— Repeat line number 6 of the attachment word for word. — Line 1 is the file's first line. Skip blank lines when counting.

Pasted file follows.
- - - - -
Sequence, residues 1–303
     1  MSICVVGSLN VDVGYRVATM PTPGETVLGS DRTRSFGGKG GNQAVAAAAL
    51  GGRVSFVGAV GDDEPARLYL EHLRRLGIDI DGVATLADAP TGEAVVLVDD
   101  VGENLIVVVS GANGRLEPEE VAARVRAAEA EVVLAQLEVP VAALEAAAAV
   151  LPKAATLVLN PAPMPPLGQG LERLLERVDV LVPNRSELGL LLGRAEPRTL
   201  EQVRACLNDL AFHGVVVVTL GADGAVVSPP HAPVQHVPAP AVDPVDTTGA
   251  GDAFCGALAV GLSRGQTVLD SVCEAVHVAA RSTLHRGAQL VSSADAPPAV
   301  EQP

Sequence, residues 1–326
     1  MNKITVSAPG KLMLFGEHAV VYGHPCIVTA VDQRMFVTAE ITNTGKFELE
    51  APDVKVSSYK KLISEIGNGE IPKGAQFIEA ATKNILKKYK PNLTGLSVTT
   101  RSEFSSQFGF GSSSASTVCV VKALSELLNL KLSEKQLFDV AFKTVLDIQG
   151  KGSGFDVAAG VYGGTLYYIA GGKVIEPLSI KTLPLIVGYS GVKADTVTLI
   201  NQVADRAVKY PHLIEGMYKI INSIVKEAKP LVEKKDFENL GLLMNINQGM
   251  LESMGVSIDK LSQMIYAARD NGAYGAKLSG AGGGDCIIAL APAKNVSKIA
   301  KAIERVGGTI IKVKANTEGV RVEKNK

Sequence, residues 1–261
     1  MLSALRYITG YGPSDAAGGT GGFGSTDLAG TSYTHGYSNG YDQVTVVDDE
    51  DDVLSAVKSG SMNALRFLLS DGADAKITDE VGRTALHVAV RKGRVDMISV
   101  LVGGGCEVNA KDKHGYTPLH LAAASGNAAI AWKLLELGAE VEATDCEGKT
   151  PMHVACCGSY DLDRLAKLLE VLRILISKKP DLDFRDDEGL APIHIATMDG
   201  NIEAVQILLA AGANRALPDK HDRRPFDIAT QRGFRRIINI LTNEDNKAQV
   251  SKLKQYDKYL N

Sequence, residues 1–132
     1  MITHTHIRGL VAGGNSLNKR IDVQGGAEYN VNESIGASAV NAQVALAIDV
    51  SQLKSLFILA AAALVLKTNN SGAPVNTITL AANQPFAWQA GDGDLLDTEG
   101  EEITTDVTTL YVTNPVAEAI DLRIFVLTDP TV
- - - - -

   201  EQVRACLNDL AFHGVVVVTL GADGAVVSPP HAPVQHVPAP AVDPVDTTGA